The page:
It is 150 years ago, today, that the founding father of British Science Fiction was born, in Bromley in Kent. His father was a shopkeeper and professional cricketer and his mother a former domestic servant. After working as a draper’s apprentice and pupil-teacher, Wells won a scholarship to the Normal School of Science in 1884, studying biology under Thomas Huxley. He was awarded a first-class honours degree in biology and resumed teaching but had to retire owing to ill-health.
His first published work was a biology text book in 1893, but two years later he published the work that would make his name, The Time Machine. And the rest, as they say, is history . . .
It is simply impossible to overstate Wells’s importance to the SF field. To quote The Encyclopedia of Science Fiction, Wells was:
the most important of all nineteenth-century sf writers in English, both in the UK and in America, where his early sf was also widely published from 1895 on. His sf was also important later in the evolution of Genre SF in America, through the purchase in the 1920s of several of these early novels and tales by Hugo Gernsback for republication in Amazing and elsewhere. Throughout his UK career, until at least 1940, he remained central to the evolution of the Scientific Romance, his influence on J D Beresford, S Fowler Wright, Olaf Stapledon, Arthur C Clarke and later authors being unmistakable.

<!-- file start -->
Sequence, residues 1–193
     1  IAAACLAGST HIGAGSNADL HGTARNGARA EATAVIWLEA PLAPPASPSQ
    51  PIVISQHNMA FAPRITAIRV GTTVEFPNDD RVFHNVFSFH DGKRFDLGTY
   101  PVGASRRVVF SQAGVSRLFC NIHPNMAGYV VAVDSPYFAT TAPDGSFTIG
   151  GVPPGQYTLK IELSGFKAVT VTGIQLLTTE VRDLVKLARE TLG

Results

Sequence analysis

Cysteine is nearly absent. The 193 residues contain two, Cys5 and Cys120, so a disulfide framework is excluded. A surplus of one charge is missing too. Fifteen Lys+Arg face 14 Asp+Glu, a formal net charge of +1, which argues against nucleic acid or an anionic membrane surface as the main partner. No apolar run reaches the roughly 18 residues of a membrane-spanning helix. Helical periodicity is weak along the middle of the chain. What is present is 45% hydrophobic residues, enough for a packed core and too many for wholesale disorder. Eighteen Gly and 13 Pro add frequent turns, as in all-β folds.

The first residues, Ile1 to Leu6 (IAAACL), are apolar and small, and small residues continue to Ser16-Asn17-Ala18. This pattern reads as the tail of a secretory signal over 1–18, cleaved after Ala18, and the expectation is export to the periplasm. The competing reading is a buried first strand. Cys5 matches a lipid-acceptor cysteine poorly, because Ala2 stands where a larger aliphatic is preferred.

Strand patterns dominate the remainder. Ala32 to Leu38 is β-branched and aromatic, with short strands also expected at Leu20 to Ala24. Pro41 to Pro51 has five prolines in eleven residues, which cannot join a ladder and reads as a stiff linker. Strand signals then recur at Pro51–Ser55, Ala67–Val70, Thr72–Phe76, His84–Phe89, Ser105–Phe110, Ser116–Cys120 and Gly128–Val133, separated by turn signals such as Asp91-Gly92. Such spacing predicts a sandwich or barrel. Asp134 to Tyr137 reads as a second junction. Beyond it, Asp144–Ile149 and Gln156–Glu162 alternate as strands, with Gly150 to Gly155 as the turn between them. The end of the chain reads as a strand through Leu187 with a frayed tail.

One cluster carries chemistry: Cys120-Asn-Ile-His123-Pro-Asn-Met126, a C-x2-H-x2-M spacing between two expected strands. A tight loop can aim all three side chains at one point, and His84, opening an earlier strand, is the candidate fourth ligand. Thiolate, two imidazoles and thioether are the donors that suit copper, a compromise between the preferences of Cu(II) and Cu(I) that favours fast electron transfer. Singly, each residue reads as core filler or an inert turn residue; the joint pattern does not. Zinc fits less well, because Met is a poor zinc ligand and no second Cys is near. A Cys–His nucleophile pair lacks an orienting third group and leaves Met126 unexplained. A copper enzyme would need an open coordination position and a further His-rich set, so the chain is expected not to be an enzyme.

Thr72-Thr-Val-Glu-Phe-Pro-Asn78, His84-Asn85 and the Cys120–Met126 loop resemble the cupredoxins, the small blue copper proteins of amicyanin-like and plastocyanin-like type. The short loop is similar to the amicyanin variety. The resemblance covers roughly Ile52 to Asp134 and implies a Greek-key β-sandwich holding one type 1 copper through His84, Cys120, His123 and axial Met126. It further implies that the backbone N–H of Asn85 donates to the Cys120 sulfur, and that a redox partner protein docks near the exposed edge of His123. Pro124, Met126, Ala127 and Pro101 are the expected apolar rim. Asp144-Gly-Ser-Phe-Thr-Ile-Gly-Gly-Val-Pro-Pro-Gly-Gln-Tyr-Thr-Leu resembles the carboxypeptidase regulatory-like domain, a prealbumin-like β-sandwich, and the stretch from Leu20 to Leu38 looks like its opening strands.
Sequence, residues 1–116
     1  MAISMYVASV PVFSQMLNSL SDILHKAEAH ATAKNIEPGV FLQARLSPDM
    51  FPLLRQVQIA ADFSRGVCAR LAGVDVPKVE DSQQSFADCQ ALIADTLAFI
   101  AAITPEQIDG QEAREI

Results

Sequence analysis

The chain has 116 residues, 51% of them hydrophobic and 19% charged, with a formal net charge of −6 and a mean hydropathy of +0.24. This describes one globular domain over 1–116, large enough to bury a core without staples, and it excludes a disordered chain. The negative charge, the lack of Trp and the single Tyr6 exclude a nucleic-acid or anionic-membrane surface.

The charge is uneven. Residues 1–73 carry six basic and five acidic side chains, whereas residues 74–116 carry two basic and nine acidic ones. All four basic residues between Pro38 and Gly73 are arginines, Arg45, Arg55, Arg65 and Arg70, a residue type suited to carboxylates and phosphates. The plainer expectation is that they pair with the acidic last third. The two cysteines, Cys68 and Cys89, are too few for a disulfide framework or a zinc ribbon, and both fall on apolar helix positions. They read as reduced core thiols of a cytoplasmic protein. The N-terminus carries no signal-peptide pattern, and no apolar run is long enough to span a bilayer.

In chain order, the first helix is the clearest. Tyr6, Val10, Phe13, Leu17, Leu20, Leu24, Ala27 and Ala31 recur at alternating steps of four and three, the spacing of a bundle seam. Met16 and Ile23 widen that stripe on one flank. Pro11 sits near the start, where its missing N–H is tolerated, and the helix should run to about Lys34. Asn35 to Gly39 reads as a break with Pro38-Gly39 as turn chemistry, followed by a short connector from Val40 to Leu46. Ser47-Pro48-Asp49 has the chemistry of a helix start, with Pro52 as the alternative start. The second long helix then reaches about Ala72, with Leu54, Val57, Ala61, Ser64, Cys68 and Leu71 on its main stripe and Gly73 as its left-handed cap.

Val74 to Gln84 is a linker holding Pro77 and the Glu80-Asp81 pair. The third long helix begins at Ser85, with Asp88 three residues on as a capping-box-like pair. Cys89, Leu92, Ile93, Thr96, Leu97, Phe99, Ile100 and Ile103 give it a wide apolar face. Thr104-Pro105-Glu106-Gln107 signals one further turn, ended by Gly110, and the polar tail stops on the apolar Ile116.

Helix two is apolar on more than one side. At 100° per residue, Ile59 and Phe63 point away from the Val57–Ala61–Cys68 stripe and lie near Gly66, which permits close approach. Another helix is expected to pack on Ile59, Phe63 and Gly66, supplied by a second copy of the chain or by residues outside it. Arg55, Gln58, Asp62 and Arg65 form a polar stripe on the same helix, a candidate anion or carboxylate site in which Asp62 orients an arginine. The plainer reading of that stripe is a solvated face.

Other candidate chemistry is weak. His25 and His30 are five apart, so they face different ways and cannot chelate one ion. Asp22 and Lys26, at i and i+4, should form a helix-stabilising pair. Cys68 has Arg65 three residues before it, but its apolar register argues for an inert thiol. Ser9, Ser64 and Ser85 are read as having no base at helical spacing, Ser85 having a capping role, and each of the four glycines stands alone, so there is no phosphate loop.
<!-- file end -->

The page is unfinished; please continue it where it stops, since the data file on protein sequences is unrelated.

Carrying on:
Happy 150th birthday, Mr Wells!